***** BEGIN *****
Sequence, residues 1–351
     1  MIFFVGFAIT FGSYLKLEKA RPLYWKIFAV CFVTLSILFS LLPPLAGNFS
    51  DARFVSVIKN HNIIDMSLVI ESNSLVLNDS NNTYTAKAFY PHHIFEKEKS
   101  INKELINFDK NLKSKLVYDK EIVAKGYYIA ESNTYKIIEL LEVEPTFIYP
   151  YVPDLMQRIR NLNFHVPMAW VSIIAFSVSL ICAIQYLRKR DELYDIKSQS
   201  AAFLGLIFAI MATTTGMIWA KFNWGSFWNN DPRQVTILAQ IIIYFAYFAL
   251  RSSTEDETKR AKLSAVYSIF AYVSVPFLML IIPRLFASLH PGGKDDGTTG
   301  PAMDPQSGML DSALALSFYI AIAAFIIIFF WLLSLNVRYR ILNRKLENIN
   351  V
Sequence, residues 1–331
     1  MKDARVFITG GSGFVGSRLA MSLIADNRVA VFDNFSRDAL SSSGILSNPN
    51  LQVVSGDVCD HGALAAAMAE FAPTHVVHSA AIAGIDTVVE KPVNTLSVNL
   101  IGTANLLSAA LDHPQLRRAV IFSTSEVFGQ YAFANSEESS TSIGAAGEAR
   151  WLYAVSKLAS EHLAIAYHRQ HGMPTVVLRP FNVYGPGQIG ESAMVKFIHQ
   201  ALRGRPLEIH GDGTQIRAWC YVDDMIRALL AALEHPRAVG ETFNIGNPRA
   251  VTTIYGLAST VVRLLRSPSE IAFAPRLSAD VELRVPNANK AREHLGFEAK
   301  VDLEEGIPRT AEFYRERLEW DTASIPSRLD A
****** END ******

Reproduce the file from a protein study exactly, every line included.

Sequence, residues 1–351
     1  MIFFVGFAIT FGSYLKLEKA RPLYWKIFAV CFVTLSILFS LLPPLAGNFS
    51  DARFVSVIKN HNIIDMSLVI ESNSLVLNDS NNTYTAKAFY PHHIFEKEKS
   101  INKELINFDK NLKSKLVYDK EIVAKGYYIA ESNTYKIIEL LEVEPTFIYP
   151  YVPDLMQRIR NLNFHVPMAW VSIIAFSVSL ICAIQYLRKR DELYDIKSQS
   201  AAFLGLIFAI MATTTGMIWA KFNWGSFWNN DPRQVTILAQ IIIYFAYFAL
   251  RSSTEDETKR AKLSAVYSIF AYVSVPFLML IIPRLFASLH PGGKDDGTTG
   301  PAMDPQSGML DSALALSFYI AIAAFIIIFF WLLSLNVRYR ILNRKLENIN
   351  V
Sequence, residues 1–331
     1  MKDARVFITG GSGFVGSRLA MSLIADNRVA VFDNFSRDAL SSSGILSNPN
    51  LQVVSGDVCD HGALAAAMAE FAPTHVVHSA AIAGIDTVVE KPVNTLSVNL
   101  IGTANLLSAA LDHPQLRRAV IFSTSEVFGQ YAFANSEESS TSIGAAGEAR
   151  WLYAVSKLAS EHLAIAYHRQ HGMPTVVLRP FNVYGPGQIG ESAMVKFIHQ
   201  ALRGRPLEIH GDGTQIRAWC YVDDMIRALL AALEHPRAVG ETFNIGNPRA
   251  VTTIYGLAST VVRLLRSPSE IAFAPRLSAD VELRVPNANK AREHLGFEAK
   301  VDLEEGIPRT AEFYRERLEW DTASIPSRLD A